Shares of Tesla jumped 11 percent, while Apple, Salesforce, Microsoft, Amazon and Facebook were also up, a day after their declines pushed the Nasdaq into correction territory
Tesla shares have led a rebound in tech stocks, just one day after stock in the electric car maker suffered its biggest ever drop, wiping $16.3 billion from the net worth of CEO Elon Musk.
Shares of Tesla jumped 11 percent for the day on Wednesday, after shedding about a fifth of their value in the previous session following the company’s surprise exclusion from the S&P 500.
Apple, Salesforce and Microsoft, which have borne the brunt of the tech rout, were also up, and among the top boosts to the blue-chip Dow.
Amazon and Facebook also climbed, a day after their declines pushed the tech-heavy Nasdaq into correction territory as it ended 10 percent below its September 2 closing high.
The tech rally helped boost S&P 500 by 2 percent. It was the best day in three months for the index, which recovered a little more than a quarter of its losses from the prior three days.
The Dow Jones Industrial Average climbed 439.58, or 1.6 percent, to 27,940.47. The Nasdaq composite, which includes many tech stocks, rose 293.87, or 2.7 percent, to 11,141.56. It had dropped 10 percent over the previous three days.
Musk’s drop in net worth on Tuesday was the largest single-day wipe-out in the history of Bloomberg’s Billionaire’s Index, and came amid a rout in US technology stocks that started at the end of last week but continued after Labor Day.
News of a partnership between competitors Nikola Corp. and General Motors Co. compounded Tesla’s woes, deepening the sell-off, and seeing the electric car maker’s stock dip below $336 from $500 a few days ago.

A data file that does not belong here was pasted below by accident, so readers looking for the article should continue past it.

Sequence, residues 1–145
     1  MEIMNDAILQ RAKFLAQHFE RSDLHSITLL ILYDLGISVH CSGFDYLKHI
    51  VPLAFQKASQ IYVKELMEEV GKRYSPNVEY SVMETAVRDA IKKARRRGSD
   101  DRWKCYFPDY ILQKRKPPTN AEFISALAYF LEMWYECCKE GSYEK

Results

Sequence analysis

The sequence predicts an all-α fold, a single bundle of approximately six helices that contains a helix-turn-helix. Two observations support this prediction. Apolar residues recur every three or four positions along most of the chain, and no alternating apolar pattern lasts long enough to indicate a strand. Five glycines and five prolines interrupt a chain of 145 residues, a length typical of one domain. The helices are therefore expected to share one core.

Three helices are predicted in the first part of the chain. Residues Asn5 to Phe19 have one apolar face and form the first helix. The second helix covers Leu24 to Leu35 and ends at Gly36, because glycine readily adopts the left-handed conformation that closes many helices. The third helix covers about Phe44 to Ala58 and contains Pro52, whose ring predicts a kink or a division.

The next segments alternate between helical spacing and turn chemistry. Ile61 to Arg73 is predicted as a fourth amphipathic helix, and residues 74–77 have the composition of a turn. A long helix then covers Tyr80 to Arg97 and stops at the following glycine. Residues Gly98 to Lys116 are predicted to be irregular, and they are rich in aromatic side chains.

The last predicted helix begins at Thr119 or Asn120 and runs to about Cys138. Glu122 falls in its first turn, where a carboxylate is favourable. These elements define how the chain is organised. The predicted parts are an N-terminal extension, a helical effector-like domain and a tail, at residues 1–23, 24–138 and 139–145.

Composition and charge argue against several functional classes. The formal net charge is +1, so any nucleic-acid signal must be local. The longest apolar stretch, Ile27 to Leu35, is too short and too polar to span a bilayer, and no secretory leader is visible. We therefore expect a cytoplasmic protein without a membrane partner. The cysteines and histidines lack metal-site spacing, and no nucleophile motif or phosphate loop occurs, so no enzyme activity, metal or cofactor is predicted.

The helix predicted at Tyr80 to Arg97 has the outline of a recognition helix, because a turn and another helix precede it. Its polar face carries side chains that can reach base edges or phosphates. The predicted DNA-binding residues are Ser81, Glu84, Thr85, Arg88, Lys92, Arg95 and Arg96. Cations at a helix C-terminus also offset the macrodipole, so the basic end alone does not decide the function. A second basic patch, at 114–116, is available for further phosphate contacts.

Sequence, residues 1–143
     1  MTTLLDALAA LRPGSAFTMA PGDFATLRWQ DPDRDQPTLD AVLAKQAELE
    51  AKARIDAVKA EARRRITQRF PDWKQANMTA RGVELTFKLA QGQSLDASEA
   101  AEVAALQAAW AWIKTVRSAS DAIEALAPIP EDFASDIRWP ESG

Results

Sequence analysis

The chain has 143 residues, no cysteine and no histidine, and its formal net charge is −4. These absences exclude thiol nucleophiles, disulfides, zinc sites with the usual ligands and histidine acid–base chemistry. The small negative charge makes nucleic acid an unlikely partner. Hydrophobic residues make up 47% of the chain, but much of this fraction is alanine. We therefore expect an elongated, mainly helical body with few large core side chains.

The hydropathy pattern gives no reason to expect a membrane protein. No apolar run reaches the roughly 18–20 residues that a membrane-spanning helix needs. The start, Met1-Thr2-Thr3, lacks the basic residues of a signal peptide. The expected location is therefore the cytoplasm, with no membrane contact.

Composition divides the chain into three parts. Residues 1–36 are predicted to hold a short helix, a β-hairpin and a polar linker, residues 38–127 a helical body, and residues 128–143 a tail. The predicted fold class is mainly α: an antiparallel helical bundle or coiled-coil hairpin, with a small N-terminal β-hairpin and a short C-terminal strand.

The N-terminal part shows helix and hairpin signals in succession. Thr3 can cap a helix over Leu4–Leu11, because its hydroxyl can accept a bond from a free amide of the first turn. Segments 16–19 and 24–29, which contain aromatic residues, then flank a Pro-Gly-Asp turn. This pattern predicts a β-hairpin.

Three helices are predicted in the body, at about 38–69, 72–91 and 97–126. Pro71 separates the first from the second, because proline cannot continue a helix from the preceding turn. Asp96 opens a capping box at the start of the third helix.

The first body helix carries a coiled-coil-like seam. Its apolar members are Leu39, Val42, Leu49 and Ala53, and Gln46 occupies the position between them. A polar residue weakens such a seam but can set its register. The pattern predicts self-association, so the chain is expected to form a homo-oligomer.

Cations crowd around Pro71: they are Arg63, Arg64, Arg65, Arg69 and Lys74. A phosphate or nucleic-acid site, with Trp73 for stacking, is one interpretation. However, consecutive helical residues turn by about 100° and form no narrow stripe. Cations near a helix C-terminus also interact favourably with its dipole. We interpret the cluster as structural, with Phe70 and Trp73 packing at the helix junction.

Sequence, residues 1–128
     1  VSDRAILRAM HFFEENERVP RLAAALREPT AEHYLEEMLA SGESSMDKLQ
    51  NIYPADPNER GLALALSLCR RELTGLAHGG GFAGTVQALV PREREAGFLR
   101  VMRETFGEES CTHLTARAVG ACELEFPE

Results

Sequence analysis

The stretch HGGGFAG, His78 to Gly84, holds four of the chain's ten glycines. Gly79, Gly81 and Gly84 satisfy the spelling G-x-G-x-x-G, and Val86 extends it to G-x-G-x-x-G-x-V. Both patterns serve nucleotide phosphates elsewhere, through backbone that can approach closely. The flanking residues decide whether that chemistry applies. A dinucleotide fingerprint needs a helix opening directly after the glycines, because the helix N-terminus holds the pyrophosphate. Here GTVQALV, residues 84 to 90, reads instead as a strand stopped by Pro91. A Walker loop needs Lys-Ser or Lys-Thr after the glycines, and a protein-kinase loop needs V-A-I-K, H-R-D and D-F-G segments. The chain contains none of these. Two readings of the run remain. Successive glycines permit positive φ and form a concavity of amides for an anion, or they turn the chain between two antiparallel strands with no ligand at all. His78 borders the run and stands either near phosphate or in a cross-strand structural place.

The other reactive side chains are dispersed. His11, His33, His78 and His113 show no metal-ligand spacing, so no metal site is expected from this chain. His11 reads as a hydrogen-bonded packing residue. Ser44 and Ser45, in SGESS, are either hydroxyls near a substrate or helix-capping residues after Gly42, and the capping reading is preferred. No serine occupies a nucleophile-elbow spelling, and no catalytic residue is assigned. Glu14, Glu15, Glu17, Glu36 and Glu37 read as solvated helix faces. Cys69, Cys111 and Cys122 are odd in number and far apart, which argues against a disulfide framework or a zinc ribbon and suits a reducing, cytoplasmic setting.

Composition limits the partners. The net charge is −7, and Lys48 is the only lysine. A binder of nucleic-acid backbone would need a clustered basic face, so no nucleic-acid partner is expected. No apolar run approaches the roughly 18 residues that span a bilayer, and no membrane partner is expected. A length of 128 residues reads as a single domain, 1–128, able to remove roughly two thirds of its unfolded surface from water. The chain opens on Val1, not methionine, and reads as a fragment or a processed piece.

The enigmatic entrepreneur, 49, was worth $82.2 billion at the close of trading on Tuesday, making him the sixth richest person in the world after falling behind Bernard Arnault in fourth and Warren Buffett in fifth.
Tesla’s Chief Executive’s loss also means he is no longer in the exclusive centibillionaire club, made up of those with a net worth of over $100 billion.
For now, the club includes just Amazon’s Jeff Bezos ($186 billion), Microsoft’s Bill Gates ($121 billion) and Facebook’s Mark Zuckerberg ($103 billion).
All three centibillionaires, who have seen large gains in recent months during the coronavirus pandemic, also saw drops in their net worth in the intensifying technology rout.
Bill Gates lost $2.05 billion, Mark Zuckerberg lost $4.26 billion, and Jeff Bezos lost $7.94 billion.
But it was Elon Musk and Tesla who took the biggest hit, with the firm’s shares having their worst day ever, closing down 21.1 per cent at $330.21 and taking losses since last week’s record high to 33 per cent.
The car maker is now valued at $308 billion, compared with more than $420 billion earlier this month.
Other leading tech companies also saw drops, with Apple losing 6.7 per cent, Facebook down 4.1 per cent, Amazon down 4.4 per cent, Netflix down 1.8 per cent, and Google’s parent company Alphabet down 3.7 per cent.
The Nasdaq – seen as the bellwether for the US stock market – fell into correction territory after dropping 10 per cent from its record close last week, and down 4.1 per cent on Tuesday night at 10,847.69 in New York.
It marked a continuation of a sell-off that gripped the stock market late last week over concerns that a tech rally – that has seen nine months of record highs in the sector – had pushed valuations to unjustifiable values.
Despite the drop, the tech index is still up 20.9 per cent since January.
Since governments shut down economies earlier in the year due to the pandemic, American tech stocks have seen huge gains, pinned on the belief that tech firms would benefit from changes in spending habits and more online use during lockdown.
However, investors are showing concerns over the fragility of the gains that were reportedly fuelled by Japanese technology group Softbank by buying derivatives worth between $30 billion and $50 billion, according to The Times.
Traders have warned that this has left Softbank and the broader market exposed if investors liquidate their positions, suggesting they have bought billions of dollars’ worth of tech stocks to hedge against Softbank’s options.
Market Makers could be forced to sell if prices fall further, but analysts predict that the drop-off last week and on Tuesday could prove to be a correction rather than a more serious sell-off.
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